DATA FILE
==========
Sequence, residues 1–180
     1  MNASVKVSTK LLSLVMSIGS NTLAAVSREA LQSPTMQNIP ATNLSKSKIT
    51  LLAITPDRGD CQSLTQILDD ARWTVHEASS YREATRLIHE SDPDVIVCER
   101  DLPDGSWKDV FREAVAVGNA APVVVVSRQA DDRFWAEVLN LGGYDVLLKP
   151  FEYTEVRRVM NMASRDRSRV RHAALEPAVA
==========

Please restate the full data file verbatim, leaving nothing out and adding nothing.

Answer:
Sequence, residues 1–180
     1  MNASVKVSTK LLSLVMSIGS NTLAAVSREA LQSPTMQNIP ATNLSKSKIT
    51  LLAITPDRGD CQSLTQILDD ARWTVHEASS YREATRLIHE SDPDVIVCER
   101  DLPDGSWKDV FREAVAVGNA APVVVVSRQA DDRFWAEVLN LGGYDVLLKP
   151  FEYTEVRRVM NMASRDRSRV RHAALEPAVA